Inhibition of NF‐κB activation by BAY 11‐7082 was confirmed by electrophoretic‐mobility shift assay (EMSA) on nuclear extracts prepared from aliquots collected 5, 15, 30, 40, 50, 60, 80 and 100 min after irradiation. Nuclei were prepared from the irradiated cells by washing the collected cells twice in 500 μl hypotonic buffer, followed by lysis in hypotonic buffer (10 mM Tris–HCl (pH 7.8), 5 mM KCl, 2 mM MgCl2, 1 mM DTT, complete protease inhibitors (Roche Diagnostics)), supplemented with 0.25% IGEPAL CA‐630 (Sigma), for 5 min on ice. Nuclei were pelleted (600 g/15 min/4°C), washed twice with 500 μl of hypotonic buffer, pelleted again (600 g/15 min/4°C), and suspended in two volumes of hypotonic buffer containing 0.3 M NaCl. The suspension was kept on ice for 30 min and agitated occasionally. Finally, nuclei were pelleted and the supernatant was used directly for EMSA (600 g, 15 min at 4°C). Nuclear extracts of Jurkat cells, stimulated with TPA (phorbol, 12‐myristate, 13‐acetate) and calcium ionophore (Active Motif), were used as positive control.
Nuclear extracts (5 μg) were incubated with a 32P‐labelled 22‐mer double‐stranded oligonucleotide (5′‐AGTTGAGGGGACTTTCCCAGGC‐3′) containing the NF‐κB consensus sequence (underlined) and 1 μg of poly(dI·dC) (Amersham Biosciences) in binding buffer (10 mM Tris–HCl, 100 mM NaCl, 2 mM EDTA, 4% (w/v) Ficoll, 1 mM DTT), for 30 min at 30°C. DNA probes were prepared by end‐labelling both strands of the oligonucleotide using [γ‐32P]ATP (Amersham Biosciences) and T4 polynucleotide kinase (New England Biolabs). A 100‐fold excess of non‐radioactive probe was used as a control to specifically compete for binding. A double‐stranded mutated oligonucleotide (5′‐AGTTGAGATCACTGGGACAGGC‐3′) was also used to examine the specificity of binding of NF‐κB to the DNA (data not shown). Reaction mixtures were loaded onto a 4% non‐denaturing acrylamide gel. Gels were run in 0.5 × Tris–acetate buffer for 1 h at 110 V, dried and exposed to PhosphorImager screen.
Inhibition of c‐Jun/AP‐1 activity.
Cells were transfected with 100 nM siRNAc‐Jun (Santa Cruz Biotechnology, sc‐44204) using electroporation. At 48 h after transfection, cells were irradiated with 5‐Gy irradiation and incubated at 37°C for 2 h. They were then collected and RNA and protein were prepared and processed for microarray analysis and western blot verification, respectively. Affymetrix Gene Array 1.0 ST arrays were hybridized as standard (www.affymetrix.com).
To identify the transcription factors responsible for each controlling activity, we took advantage of several bioinformatics resources. First, we analysed the promoter regions of model predicted genes using a matrix search for known transcription factor binding motifs (TRED; http://rulai.cshl.edu/cgi‐bin/TRED/tred.cgi?process=home). Second, we carried out GSEA using GeneTrail (based on the TRANSFAC database) (http://genetrail.bioinf.uni‐sb.de/) on genes in both merged cliques, and in lists of model‐predicted genes associated with cliques, for enrichment in target genes for known transcription factors. Next we analysed the same gene lists for their gene ontology category and for significant associations with known biochemical pathways using the commercially available package Ingenuity Pathway Analysis and the freely available DAVID.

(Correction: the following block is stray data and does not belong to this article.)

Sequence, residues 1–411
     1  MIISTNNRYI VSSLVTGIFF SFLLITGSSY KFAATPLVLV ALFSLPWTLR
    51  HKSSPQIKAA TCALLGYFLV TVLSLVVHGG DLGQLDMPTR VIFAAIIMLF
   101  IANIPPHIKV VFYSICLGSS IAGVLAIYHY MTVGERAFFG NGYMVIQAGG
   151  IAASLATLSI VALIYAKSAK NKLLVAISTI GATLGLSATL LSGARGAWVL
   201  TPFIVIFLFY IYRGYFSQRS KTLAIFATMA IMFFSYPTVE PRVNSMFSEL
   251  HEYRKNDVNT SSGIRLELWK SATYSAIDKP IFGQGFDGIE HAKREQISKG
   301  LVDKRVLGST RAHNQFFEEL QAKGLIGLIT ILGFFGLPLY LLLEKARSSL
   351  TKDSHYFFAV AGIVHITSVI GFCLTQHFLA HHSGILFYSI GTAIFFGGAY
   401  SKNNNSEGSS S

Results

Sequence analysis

Degradation rate measurement from microarray data.
Typically gene turnover rates are measured over a short time span (Yang et al, 2003). Reasoning that this would be problematic in estimating slow decaying transcripts with sufficient precision, we decided to extend the period up to 6 h after transcription blocking. This in turn caused problems with fast‐decaying transcripts. The latter were afflicted by a ‘tailing‐off’ effect. We solved this problem by using a model incorporating a curvature term, allowing for a much better fit of the data (see Supplementary information).
In standard microarray experiments, overall gene expression is assumed to be constant across experimental conditions and individual microarrays are normalized accordingly to some central statistic, such as the trimmed average or the median. In the context in which the overall quantity of RNA can only diminish because its production has been turned off, this type of normalization cannot be carried out. Instead, we used an iterative procedure to normalize individual chips to the slower decaying genes, assuming a small fraction of the latter had a degradation rate close to zero (see Supplementary information for more details). A similar procedure was used in the study by Yang et al (2003).
First derivative estimation from data.
A detailed description of the way we obtained the matrix A mentioned in the results section is given in the Supplementary information of the study by Barenco et al (2006). We give here a simple example to illustrate how we arrive at this matrix. Imagine we are given two time points x(t1) and x(t3) and want to estimate the slope x′ at the intermediate time point between these two (t2). The simplest way is to simply taking the slope of the line passing through these points:
which can be rewritten as:
Thus, this estimation is a linear combination of the function values weighted by coefficients that depend only on the time intervals between the points. This can be generalized to using more time points to estimate the slope at an intermediate point. In this case, a polynomial of degree n−1 is used for the fit. Interestingly, the nature of the estimation is unchanged; it is still a linear combination of the function values and the coefficients involved depend only on the time intervals between points. Thus, these coefficients can be stored and re‐used for different function values. In our case, we arrived at the following matrix A, which is applicable to our case in which, using seven measurements regularly spaced between 0 and 12 h, we want to estimate the first derivative at the same time points.